270 Use of Polylysine as a Carrier for Signal Amplification in DNA Detection

Thursday, November 5, 2009: 12:20 PM
Rio Grande (Camino Real Hotel)
Hong Qian , Chemistry, North Carolina State University, Raleigh, NC
The positive charged polylysine (PLL) forms stable complex with negative charged DNA (DNA/PLL). Modification of amino groups on the side chain of polylysine with desired functional groups such as polymerization initiators or fluorophores provides an easy way to bring multiple functional groups to each DNA/PLL complex. Further signal amplification is achieved via polymerization which renders direct visualization of the presence of DNA by naked eye, or signal can be directly detected via fluorescence instrument with extraordinary sensitivity. The use of positively charged PLL as a carrier for signal amplification eliminates the need for covalent modification of individual detection probes prior to DNA detection and provides a simplified label-free detection scheme, which is of importance for high throughput detection.  In polymer-based detection, AGET ATRP (activators generated by electron transfer for atom transfer radical polymerization) was adapted as the method of polymerization to realize a well controlled, quantitative detection without the needs of oxygen-free environment. The effect of PLL length, modification ratio of PLL, and the concentration of PLL were studied. It was found use of longer PLL macroinitiator yields thicker polymer film atop of target DNA molecules and the optimal modification ratio of PLL was around 55% to ensure stable complexation of DNA with PLL and bring the most of initiators to DNA/PLL complex. The maximum polymer film thickness was reached at 48 uM PLL concentration (in repeat units) despite the different modification ratio. Under optimized condition, as low as 1nM of DNA was detected. In fluorescence-based detection, DNA was detected directly after the adsorption of PLL macrofluorophores. The limit of detection was improved to 75 fM, corresponding to 104 improvement compared with polymer-based detection.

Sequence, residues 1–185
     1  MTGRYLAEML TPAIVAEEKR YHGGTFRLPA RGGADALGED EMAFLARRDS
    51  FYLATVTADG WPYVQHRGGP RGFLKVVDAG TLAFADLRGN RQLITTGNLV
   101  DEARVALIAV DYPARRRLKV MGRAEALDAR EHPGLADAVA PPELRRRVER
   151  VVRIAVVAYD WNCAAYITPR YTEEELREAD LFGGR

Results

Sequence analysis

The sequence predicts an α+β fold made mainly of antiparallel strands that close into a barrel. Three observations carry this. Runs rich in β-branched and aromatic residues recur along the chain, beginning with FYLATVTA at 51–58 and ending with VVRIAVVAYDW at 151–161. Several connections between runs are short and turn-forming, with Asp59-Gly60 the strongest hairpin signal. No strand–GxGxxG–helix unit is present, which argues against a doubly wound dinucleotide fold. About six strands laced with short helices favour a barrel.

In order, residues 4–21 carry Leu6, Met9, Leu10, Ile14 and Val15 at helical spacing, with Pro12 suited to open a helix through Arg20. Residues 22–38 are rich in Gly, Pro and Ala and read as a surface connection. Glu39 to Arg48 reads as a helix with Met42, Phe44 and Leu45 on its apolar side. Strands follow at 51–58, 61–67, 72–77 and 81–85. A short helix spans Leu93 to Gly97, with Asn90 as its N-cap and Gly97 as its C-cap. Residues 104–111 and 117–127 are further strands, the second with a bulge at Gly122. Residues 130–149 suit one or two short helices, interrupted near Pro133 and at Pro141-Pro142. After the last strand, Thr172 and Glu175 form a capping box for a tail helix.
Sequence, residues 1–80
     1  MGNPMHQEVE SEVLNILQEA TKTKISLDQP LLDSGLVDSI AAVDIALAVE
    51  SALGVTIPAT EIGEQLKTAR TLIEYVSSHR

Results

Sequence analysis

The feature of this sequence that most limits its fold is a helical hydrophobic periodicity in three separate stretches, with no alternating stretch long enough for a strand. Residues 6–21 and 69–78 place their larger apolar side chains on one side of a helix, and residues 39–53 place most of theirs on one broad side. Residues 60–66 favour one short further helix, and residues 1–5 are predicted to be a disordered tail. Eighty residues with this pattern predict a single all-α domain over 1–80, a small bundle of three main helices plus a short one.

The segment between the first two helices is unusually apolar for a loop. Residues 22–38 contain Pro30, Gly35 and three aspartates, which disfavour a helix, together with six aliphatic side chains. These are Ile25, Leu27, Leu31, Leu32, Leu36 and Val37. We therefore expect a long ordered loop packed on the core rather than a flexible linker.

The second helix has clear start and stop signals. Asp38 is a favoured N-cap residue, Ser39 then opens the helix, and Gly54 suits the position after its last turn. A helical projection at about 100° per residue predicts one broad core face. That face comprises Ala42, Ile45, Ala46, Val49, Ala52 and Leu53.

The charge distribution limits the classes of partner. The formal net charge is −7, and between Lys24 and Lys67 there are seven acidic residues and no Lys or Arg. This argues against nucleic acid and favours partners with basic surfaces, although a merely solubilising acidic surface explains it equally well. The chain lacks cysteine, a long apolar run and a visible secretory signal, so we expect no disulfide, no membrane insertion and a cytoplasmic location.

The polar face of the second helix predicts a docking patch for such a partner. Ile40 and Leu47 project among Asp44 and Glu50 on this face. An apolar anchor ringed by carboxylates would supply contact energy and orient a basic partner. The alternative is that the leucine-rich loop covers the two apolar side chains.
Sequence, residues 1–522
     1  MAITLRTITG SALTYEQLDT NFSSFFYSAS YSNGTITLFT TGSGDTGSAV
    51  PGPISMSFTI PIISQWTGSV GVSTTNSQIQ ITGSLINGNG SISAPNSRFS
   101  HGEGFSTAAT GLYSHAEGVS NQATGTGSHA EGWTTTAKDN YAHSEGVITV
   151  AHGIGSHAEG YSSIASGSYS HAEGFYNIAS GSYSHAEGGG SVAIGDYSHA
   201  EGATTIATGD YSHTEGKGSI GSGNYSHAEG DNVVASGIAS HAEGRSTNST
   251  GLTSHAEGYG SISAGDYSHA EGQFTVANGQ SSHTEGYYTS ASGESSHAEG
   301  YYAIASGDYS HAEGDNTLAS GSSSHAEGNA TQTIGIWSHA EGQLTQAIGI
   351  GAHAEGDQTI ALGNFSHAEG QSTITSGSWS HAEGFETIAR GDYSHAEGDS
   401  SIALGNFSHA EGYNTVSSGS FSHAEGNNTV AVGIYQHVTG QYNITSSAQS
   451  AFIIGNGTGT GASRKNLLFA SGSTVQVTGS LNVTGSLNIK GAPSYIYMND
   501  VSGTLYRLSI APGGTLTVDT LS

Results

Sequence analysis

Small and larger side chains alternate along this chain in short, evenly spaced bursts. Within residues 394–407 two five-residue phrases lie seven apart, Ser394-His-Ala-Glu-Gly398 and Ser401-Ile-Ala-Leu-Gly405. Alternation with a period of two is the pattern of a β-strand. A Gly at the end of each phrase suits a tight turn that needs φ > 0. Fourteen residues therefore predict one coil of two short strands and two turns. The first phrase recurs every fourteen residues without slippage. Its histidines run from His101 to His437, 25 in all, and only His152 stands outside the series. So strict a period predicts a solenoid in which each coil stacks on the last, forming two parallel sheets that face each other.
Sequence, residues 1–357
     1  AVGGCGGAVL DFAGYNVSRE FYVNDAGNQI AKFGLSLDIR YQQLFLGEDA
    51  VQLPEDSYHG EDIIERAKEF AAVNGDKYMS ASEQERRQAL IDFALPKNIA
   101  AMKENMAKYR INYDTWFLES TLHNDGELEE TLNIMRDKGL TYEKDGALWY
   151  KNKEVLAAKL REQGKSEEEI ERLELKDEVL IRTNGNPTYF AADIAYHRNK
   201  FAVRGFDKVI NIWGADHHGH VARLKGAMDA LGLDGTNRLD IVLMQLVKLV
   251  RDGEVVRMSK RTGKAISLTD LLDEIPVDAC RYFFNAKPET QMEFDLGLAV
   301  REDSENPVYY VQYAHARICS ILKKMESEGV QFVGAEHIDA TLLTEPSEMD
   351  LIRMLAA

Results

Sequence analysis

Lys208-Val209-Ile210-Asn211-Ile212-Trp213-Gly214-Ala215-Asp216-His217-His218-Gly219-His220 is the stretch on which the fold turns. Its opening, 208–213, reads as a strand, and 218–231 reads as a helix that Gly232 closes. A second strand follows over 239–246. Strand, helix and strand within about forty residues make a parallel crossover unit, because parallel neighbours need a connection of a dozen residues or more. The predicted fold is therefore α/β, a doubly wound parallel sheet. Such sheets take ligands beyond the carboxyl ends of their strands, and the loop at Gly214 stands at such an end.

This work is partially supported by NSF (No.0644865).